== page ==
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Department of Medicine, Donald and Barbara Zucker School of Medicine at Hofstra/Northwell, New Hyde Park, NYDepartment of Pulmonary and Critical Care Medicine, Long Island Jewish Medical Center, New Hyde Park, NY
A 52-year-old man sought treatment for nonproductive cough, fever, and worsening shortness of breath. On admission, he was in respiratory distress with oxygen saturation at 73% on room air. His admission chest radiograph is shown in Figure 1. The patient was admitted with coronavirus disease 2019 (COVID-19) pneumonia, which was confirmed by PCR antigen testing. Four days after admission, the patient required endotracheal intubation for progressive hypoxemic and hypercapneic respiratory failure.
On day 10 of medical ICU (MICU) care, the patient developed right anterior chest wall and neck subcutaneous emphysema with severe oxygen desaturation and hypotension requiring escalating doses of vasopressors. The plateau pressure was measured as 80 cm H2O. Urgent lung ultrasound examination showed multiple areas of confluent B lines over the left anterior chest. Because of the right-sided subcutaneous air, adequate right lung ultrasonography images could not be obtained. The MICU team performed a needle decompression through the right anterior second intercostal space with audible decompression of a tension pneumothorax followed by insertion of a 16F chest tube. BP improved, although the patient still required vasopressor support. Plateau pressure decreased to 50 cm H2O, which was above the baseline value of 30 cm H2O.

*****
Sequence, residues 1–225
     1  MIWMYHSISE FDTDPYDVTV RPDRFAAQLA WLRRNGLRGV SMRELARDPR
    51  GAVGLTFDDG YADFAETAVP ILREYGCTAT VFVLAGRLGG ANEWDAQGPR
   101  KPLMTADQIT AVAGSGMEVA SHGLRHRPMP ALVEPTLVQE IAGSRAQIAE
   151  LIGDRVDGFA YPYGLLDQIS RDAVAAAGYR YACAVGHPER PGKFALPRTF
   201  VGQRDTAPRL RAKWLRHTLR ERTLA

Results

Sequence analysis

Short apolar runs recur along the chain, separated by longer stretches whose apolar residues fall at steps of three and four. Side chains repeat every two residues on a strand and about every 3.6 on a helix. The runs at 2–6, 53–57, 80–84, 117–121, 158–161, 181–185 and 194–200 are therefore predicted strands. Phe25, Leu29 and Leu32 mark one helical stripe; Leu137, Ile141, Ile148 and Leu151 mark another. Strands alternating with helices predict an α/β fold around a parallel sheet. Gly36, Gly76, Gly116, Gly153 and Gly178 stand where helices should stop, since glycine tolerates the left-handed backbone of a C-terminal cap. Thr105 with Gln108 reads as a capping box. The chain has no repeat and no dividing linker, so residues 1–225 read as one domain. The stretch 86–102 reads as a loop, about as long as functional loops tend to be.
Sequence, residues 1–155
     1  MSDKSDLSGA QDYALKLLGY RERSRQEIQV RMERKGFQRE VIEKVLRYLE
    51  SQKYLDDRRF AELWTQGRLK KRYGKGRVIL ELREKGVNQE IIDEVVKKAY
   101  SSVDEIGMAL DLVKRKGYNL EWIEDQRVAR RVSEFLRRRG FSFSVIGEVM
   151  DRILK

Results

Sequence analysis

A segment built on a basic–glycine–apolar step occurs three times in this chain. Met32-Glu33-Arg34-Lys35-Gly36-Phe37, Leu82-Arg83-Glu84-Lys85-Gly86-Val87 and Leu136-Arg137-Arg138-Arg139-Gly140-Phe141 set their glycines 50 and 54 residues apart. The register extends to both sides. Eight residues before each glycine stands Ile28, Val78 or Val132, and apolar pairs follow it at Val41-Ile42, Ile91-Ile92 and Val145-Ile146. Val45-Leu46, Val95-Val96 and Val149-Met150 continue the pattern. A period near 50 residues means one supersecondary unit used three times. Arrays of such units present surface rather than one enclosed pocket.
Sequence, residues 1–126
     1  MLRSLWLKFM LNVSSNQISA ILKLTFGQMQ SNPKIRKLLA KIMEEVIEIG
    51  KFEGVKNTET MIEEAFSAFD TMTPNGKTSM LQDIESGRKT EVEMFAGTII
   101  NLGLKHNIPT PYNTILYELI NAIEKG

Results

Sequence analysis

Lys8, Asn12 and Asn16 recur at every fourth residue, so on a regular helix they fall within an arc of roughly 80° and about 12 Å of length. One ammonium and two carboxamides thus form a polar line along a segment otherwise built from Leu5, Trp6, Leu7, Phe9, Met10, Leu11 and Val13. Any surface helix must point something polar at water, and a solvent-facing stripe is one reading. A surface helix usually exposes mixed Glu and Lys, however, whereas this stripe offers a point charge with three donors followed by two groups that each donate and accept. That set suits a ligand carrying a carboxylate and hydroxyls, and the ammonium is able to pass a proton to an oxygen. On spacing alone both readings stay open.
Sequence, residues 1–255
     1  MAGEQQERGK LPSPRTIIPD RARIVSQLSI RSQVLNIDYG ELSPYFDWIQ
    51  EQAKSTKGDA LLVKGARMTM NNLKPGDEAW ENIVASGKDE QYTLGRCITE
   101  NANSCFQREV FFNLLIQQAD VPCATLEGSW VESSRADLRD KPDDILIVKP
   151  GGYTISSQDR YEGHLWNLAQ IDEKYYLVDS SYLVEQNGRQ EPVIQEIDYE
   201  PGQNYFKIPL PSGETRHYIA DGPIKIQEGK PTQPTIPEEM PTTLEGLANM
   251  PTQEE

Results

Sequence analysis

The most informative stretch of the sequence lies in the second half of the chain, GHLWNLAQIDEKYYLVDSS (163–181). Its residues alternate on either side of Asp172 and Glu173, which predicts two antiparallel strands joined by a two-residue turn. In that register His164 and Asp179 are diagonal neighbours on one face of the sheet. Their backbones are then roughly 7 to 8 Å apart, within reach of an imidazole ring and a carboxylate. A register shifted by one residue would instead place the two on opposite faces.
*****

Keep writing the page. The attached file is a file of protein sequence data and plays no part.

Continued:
Concurrent with these events, the patient developed severe abdominal distention with a bladder pressure of 25 mm Hg. Given the persistent hemodynamic failure, elevation of plateau pressure, and intraabdominal hypertension, the MICU team performed an abdominal ultrasound examination (Video 1).
Question: Based on the clinical history and ultrasound findings, what is the diagnosis and next step in management?
Answer: The abdominal ultrasound findings are consistent with the presence of a large pneumoperitoneum. The absence of gut sliding and the inability to visualize any underlying structures within the abdomen suggest that free air is interposed between the ultrasound probe and the peritoneal space. Given the patient’s shock state, elevation of plateau pressure, and intraabdominal hypertension, the MICU team established a diagnosis of abdominal compartment syndrome. This was managed by insertion of an ultrasound-guided catheter into the air-filled peritoneal space.
The patient presented with ARDS due to COVID-19 pneumonia. Ten days after initiation of ventilatory support, he developed a tension pneumothorax, which was treated by needle decompression followed by chest tube placement. Despite this intervention, the patient remained hypotensive with elevated plateau pressures.
Given the patient’s abdominal distention, an abdominal ultrasound examination was performed, which demonstrated air reverberation artifact throughout all four quadrants of the abdomen consistent with a large pneumoperitoneum (Video 1). This was confirmed by chest radiography (Fig 2). A diagnosis of abdominal compartment syndrome was made on the basis of persistent hypotension, elevation of plateau pressure, and a bladder pressure of 25 mm Hg.